It’s yet another hot evening in the city; one of those evenings where I can feel my face drip as I walk. Not fun. So I’m very appreciative of a theatre venue (namely the Bread and Circus) where I can enjoy an icy beer and a play at the same time. The play in question is Babel Rap written by John Lazarus and directed by Emilio Vieira. Continue reading Review: Babel Rap (Speakeasy Productions)
The Fringe Festival is coming into its last day and as I head out to my final show for the season (a late show to boot) I’m hoping it’s a performance I’m going to enjoy. What I mean is, I’m tired and I really need to have fun so I can keep going! Bil Antoniou’s Operation Impervious was just that. Continue reading Operation Impervious (Skinny Jo Productions/Port Moresby Productions) 2011 Toronto Fringe Review
I’m going to start by saying I can’t be unbiased in this review. There’s not much for me not to like in Jeff Jones’ The Last Rock N’ Roll Show, especially as a writer who counts one of her favorite moments in life as the day she won tickets to see Rammstein four hours before the show. Am I typing with my right hand while my left hand curls into metal horns at the memory? Yes. Continue reading The Last Rock N’ Roll Show (Charcoal Sketch Productions) 2011 Toronto Fringe Review
Bordeaux is a melodic clash of period drama, romantic comedy, queer play, political commentary and domestic tragedy combined and yet, in a way, it is none of the above. Continue reading Bordeaux (Pathos Theatre Company) 2011 Toronto Fringe Review
I love So You Think You Can Dance. There’s my confession for the day. I love the combination of movement and expression with passion, commitment, heart (and I’m starting to sound like Mary Murphy, but there will be no hot tamales in this review) that creates dance. I love expression through dance, so when I read about The 5th Element dance performance; I had to experience it for myself. Continue reading The 5th Element (Catalyst) 2011 Toronto Fringe Review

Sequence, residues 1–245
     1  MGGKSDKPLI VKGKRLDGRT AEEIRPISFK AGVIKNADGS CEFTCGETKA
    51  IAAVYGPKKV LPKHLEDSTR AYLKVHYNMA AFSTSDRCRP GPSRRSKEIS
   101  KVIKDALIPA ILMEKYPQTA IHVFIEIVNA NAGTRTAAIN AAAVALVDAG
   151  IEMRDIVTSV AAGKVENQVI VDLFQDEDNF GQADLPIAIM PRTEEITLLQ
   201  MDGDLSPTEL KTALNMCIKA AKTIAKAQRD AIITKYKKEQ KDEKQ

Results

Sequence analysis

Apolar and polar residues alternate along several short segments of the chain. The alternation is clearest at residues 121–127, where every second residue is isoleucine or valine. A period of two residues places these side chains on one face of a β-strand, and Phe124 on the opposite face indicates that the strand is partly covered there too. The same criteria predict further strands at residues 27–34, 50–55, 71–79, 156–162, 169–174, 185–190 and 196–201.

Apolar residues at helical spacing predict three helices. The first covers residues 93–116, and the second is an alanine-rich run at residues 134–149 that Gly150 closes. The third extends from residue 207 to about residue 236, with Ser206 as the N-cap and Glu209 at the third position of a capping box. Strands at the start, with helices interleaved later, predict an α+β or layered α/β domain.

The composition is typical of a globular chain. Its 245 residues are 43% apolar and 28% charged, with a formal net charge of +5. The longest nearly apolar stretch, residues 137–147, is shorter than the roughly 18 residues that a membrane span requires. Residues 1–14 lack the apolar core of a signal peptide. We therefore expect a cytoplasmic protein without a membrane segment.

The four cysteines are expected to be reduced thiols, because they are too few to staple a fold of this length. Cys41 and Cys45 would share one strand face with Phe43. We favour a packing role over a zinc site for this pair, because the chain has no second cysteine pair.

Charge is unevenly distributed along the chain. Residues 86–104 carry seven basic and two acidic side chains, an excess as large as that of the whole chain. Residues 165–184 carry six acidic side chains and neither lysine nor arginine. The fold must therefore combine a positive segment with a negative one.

Once upon a time, that girl Cinderella married the Prince, shacked up with him in his big castle while owning a series of other houses out in the country, employed a massive staff that included dress-makers, hairstylists, makeup artists, masseuses, plastic surgeons, cooks, and drivers – and left her two stepsisters and stepmother in the dust. And then what happened?
Ivana Matuzovic explores what lies in Happily Ever After for both Cinderella and her stepfamily in Cinderella Afterparty, an innovative spoken word and movement performance directed by Andreja Kovac.
Continue reading Cinderella Afterparty (Poetry in Motion) 2011 Toronto Fringe Review
The Mistress’ Boyfriend is a provocative story of sex games, murder, deceit and mayhem in a dark melodramatic comedy playing at the Theatre Passe Muraille. A bible publisher (DeeJay Dayton) has an affair with an anarchist hooker (Amanda Petryschuk) while her ex-con boyfriend (Oliver Georgiou) is sleeping with the publisher’s thrill-seeking wife (Mandy May Cheetham). One uses the other while betraying someone else. Continue reading The Mistress’ Boyfriend (presented by Quondam Dreams) 2011 Toronto Fringe Reviews
What happens when a meteor the exact size and shape of Hamilton crash lands into Hamilton? You call on the many celebrities that love the city (for their ability to film there for cheap) to help with a telethon. And Brian Froud.
Brian Froud is a one man comedic machine. With a background in voice acting and a love for his Hamilton hometown, he’s created a show that allows him (just him) to mimic and mock all those celebrities you love to love or love to hate. Continue reading Brian Froud’s One Man Celebrity Disaster Relief Charity Benefit Awareness Telethon…Show (Brian Froud Productions) 2011 Toronto Fringe Review
Mark Sepic’s O. C. D. is one man, Mark, on a small and intimate stage surrounded by a mismatched array of made, found, and fixed instruments, wires, pedals and his laptop hooked up to a projector. He plays for a small crowd – the focus being his OCD, Obsessive Creative Disorder, and the results of such a disorder. You are in for an hour of quirky and fun music. Continue reading Mark Sepic’s O.C.D. (Obsessive Creative Disorder) 2011 Toronto Fringe Review
When you dream at night, are your dreams created by your subconscious? Are they your dreams to keep or are they owned and filed away by a Ministry? And if your dreams are stored in some cosmic database, can you search the files for someone you’ve lost? This is Mary’s quest in Hushabye, a Blood Orange Theatre production written by Anna Standish and directed by Sarah Miller-Garvin. Continue reading Hushabye (Blood Orange Theatre) 2011 Toronto Fringe Review